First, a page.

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At a glance

It is classified as a rare congenital human brain anomaly of the cerebellum and fourth ventricle. It is characterized by hypoplasia of the cerebellum, absence of the cerebellar vermis, and consequently noncommunicating hydrocephalus that is caused by cystic expansion of the fourth ventricle in the posterior fossa. The clinical features include abnormal motor coordination, raised intracranial pressure due to accumulation of the cerebrospinal fluid, and other multiple brain function problems. It is typically a lifelong disorder. Other systemic malformations are reported between 47 and 81% of DWS patients and include urogenital, renal, cardiac, intestinal, and craniofacial defects.


Dandy-Walker Cyst; Luschka-Magendie Foramina Atresia; Hydrocephalus Noncommunicating Dandy-Walker Type; Dandy-Walker Deformity; Hydrocephalus Internal Dandy-Walker Type.


There are four subtypes that have been described in which multiple organs are affected to varying degrees; however, the fundamental abnormalities involve the cerebellum and muscle coordination. The four conditions consist of:

  • DWS Malformation: Most severe condition where the posterior fossa is largely cystic, filling up the entire fossa, compressing the cerebellar, pushing upward the cerebellar tissue throughout the tentorium, causing compression of the seventh cranial nerves on the edges of the falx cerebri. There is a complete agenesis of the vermis. This is most often associated with a spina bifida and noncommunicating hydrocephalus. The rise in intracranial pressure is consequent to the enlarged posterior fossa and the bulge of the tentorium into the upper cranial cavities.

  • DWS Mega Cisterna Magna: Variation of the posterior fossa anatomy that causes enlarged retrocerebellar cisterns with otherwise normal cerebellar morphology. The cerebellar hemispheres and vermis are normal, but the cisterna magna is significantly enlarged, measuring greater than 10 mm on oblique transverse radiological plane. When the disorder is isolated, the prognosis is favorable. However, one-third of children with central nervous system anomalies associated with a mega cisterna magna usually present cognitive, motor and language delay as well as cerebellar ataxia.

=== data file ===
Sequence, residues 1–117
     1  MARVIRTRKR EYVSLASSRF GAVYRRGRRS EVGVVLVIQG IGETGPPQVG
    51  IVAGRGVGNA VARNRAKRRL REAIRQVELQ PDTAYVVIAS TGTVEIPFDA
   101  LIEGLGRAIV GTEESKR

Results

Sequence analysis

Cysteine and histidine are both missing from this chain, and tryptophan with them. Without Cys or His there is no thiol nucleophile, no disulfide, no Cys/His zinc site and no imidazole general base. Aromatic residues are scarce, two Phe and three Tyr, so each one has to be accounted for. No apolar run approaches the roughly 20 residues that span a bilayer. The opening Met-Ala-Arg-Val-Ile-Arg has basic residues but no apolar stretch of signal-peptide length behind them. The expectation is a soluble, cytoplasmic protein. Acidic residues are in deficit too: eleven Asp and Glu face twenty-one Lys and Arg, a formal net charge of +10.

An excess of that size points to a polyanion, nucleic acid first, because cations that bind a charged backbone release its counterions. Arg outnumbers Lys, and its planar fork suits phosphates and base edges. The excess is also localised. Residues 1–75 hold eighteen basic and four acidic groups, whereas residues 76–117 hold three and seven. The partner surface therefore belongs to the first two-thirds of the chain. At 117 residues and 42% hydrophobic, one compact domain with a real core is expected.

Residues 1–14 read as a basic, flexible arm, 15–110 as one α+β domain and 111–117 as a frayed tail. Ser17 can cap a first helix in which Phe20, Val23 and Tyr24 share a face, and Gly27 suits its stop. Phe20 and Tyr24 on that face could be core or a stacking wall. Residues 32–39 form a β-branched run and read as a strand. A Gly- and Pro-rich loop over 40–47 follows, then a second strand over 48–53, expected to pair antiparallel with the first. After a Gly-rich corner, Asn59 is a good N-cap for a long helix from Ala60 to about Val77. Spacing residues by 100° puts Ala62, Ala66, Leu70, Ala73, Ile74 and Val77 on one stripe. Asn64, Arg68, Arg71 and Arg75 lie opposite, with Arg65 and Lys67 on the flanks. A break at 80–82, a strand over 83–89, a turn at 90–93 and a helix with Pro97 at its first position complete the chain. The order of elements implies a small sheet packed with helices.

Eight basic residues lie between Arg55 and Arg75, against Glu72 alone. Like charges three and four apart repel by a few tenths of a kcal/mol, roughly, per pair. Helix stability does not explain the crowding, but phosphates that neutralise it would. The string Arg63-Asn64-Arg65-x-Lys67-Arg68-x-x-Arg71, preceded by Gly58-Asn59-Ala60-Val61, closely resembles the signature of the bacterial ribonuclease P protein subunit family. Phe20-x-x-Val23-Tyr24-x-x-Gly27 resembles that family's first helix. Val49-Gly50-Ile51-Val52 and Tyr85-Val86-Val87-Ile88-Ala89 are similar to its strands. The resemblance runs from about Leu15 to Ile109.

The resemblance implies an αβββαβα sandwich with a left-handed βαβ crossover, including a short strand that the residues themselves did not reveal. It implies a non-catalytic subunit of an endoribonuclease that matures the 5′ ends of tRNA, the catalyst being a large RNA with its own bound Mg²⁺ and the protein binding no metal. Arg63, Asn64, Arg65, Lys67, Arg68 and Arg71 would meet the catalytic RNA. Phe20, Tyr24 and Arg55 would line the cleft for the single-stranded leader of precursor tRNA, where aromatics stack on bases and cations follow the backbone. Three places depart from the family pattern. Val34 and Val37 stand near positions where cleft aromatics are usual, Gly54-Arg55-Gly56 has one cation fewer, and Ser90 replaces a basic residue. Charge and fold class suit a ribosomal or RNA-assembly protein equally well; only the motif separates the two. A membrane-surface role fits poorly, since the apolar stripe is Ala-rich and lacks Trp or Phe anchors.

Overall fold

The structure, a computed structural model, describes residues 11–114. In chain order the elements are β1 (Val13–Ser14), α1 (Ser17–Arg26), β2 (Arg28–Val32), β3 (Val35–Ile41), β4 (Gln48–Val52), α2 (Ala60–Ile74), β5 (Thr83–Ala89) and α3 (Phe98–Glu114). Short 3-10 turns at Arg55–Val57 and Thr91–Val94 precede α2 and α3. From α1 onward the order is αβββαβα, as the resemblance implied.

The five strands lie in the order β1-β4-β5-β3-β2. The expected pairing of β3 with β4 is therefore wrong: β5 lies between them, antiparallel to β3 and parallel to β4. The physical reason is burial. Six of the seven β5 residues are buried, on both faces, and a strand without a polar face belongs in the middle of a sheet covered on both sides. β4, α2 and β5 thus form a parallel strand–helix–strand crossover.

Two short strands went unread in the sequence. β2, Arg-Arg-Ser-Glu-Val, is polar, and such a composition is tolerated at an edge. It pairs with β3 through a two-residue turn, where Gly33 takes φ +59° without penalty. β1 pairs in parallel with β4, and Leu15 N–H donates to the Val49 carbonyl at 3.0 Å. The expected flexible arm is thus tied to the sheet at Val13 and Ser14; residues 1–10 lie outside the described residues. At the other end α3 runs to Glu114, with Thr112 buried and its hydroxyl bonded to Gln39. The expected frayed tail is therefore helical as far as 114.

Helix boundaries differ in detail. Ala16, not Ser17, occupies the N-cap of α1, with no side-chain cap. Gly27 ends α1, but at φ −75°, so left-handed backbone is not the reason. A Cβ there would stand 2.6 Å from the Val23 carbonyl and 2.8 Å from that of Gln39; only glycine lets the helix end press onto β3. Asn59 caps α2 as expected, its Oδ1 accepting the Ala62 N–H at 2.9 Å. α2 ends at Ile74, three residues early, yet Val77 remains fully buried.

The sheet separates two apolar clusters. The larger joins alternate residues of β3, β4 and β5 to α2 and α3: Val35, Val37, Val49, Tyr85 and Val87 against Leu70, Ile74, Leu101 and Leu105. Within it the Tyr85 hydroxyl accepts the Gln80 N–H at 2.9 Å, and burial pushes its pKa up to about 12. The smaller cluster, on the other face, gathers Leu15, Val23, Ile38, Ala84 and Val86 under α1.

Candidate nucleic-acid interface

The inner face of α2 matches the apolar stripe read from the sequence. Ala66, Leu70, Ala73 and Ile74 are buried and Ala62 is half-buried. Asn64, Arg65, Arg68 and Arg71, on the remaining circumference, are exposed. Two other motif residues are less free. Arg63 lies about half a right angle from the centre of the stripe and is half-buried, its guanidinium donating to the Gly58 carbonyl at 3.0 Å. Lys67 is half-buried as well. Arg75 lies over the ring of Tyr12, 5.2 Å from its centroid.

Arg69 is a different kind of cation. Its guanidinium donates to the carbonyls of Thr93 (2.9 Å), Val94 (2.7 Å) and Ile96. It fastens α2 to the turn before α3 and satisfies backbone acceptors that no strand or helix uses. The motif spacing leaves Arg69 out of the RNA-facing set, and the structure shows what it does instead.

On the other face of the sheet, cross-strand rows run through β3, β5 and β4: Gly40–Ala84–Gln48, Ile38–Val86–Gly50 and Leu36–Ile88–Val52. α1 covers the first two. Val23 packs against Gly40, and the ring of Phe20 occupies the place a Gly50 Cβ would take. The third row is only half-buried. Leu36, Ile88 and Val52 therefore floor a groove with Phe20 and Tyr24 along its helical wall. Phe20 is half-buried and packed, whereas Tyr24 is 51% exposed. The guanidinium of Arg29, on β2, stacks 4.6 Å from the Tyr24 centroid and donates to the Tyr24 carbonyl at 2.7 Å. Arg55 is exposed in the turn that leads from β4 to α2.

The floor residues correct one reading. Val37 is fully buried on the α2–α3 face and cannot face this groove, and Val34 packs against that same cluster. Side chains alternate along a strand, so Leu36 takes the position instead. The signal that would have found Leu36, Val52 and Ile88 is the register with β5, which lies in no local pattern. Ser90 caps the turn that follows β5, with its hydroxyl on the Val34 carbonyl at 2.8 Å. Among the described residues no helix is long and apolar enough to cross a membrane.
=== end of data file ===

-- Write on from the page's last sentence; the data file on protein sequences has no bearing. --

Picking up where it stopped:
• DWS Variant: Characterized by a less severe clinical presentation and neurological malformation. The fourth ventricle is mildly enlarged and the external compression onto the cerebellar tissue is less significant as observed in the other two subtypes. The cerebellar vermis is hypoplastic and is accompanied with variable sized cyst. In this case, the fourth ventricle communicates with the cisterna magna through an enlarged vallecula. Hydrocephalus is present in 25% of cases and supratentorial central nervous system manifestations are only present in 20% of affected individuals. The third and lateral ventricles as well as the brain stem are normal.

  • Blake’s Pouch Cyst: Posterior ballooning of the superior medullary velum into the cisterna magna. Patients present with delayed neurological development, with normal outcomes at 1 to 5 years old.


The true incidence remains unknown as it is a disorder that occurs sporadically in approximately 1:25,000 to 30,000 live births worldwide. It accounts for ...

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